Glawe: In defense of language


Editorials, columns and cartoons.

Michael Glawe

Thoughts of graduating in two weeks have infused within me a sense of utter dread as I confront retirement from the Daily and, more so, the usurpation of my voice. Time is the fatal harbinger announcing, once and for all, silence. But before I pen a solemn “Goodbye” to my very few readers, I must thrust upon the Cyclone Nation one final opinion. 

Writing is a way of breathing — it is certainly necessary for my own survival. The highest of all writing is poetry, and poetry is the highest of all arts. As Percy Shelley put it, poetry is the way of apprehending the inapprehensible. We are all, in a way, poets. Shelley, from whom I feel the constant anxiety of influence, says poets are “those who imagine and express the indestructible order,” under which not only fall the painters, architects and musicians, but also “the institutors of laws, the founders of civil society and the inventors of the arts of life.” 

Saliently, poetry is the foundation of language. At the onset of any language, all authors are necessarily poets, culling the inapprehensible and routing it forth into apprehension. The expression of poetry — Shelley suggests a Greek drama — is like a prism, absorbing white light and scattering it into its constituent parts. Poetry is the creation of language. 

Shelley eerily proclaims that if this ideal were forgotten, if no new poets “should arise to create afresh the associations which have been thus disorganized,” then language would be “dead to all the nobler purposes of human intercourse.” I fear in some respects we’ve arrived at that declination.

Changing social conditions, highlighted by the demand for all writing to be equal or subservient to the reader, has fused the art of language into a sort of emulsion of communality where expedience destroys eloquence. Simply put, poetry, the supreme essence of language, faces complete desolation if we remain content with expressing ourselves frivolously.

Poetry, the art from which all else descends, faces an endless army of politicizers and good spellers forcing its subservience to the relevant cause. As a writer, as one of Shelley’s poets, I was often chided for expressing a sort of loftiness and further berated for my use of words like “serendipity” and “unctuous.” I am told that my readers are dumber than the language I employ, and that my words must stoop to their level.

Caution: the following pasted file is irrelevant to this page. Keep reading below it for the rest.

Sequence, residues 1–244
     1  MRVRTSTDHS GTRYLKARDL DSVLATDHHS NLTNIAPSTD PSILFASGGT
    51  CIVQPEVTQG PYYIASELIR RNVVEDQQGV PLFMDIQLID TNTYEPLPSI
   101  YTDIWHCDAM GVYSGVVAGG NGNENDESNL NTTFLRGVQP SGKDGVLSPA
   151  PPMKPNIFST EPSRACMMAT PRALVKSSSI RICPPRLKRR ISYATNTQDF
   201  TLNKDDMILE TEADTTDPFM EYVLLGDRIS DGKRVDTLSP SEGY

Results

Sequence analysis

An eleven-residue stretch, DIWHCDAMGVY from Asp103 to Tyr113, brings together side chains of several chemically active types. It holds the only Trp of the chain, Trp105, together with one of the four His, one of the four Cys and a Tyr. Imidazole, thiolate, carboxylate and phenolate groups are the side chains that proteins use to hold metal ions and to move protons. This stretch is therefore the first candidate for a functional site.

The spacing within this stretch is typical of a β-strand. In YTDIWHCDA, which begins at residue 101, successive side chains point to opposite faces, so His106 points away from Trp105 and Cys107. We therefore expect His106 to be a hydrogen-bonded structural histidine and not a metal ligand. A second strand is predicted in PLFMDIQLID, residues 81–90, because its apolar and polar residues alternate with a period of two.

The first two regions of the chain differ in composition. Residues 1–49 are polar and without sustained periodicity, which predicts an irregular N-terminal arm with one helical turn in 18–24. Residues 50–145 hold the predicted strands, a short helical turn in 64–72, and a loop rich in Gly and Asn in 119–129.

I find this insulting for the intelligence of both the reader and myself, but even more, the demand to capitulate loftiness, transcendence and sublimity in writing is the wish to give up everything pure and beautiful in our language. It flies in the face of Shelley, Shakespeare, Whitman, Wordsworth and so many others. An endless consciousness composed of the greatest poets cries out against the torments of our time. 

Every day, our language suffers capitulation to political correctness, breeziness and blandness. I wrote at the beginning of the semester that the advent of personal computers and the Internet has spawned forth monsters: blogs for the unpalatable — and sometimes unreadable — flimsy arguments propped by unreliable evidence and violent crusaders commenting on each and every publication in an endless rabble.

This is the current state of reading and writing. Too many writers conform their art into the servitude of the rabble and too many readers demand the compression of ideas into simplicity. We forget what Shelley remarked so long ago, that the function of the Sublime — “excellence in language” — was to persuade us to abandon easier for more difficult pleasures. To repeat what Harold Bloom says of the richness in Shakespeare’s characters — Falstaff, Hamlet, etc. — the Sublime is meant to expand our consciousness without distorting it. To meditate upon Falstaff and Hamlet is to “apprehend greatness — negative and positive — and so share in the potential for greatness in ourselves.”

If I fight for anything, it is for language, and the fact is our language has been treated poorly. We have left language to die. In our current state, with websites springing forth limitless capacity to excite, entertain and spur on hysteria, I doubt we remain, as Bloom mused, “coherent enough for imaginative comprehension.” If greatness were presented before us now in the form of Dante or Shakespeare, it is unlikely we would recognize it. That sort of language has been muted — glazed over by the impatient and social reader. Solitary reading, reading where one ultimately confronts herself, is lost to antiquity.

I am a romantic myself, and I’d love to carry on believing I am the true descendent of Shelley, Browning and Yeats, but perhaps my time has been appropriated. Maybe poetry is dead, and perhaps I have been rendered obsolete. Quite possibly, I dare contemplate: I am participating in my own demise.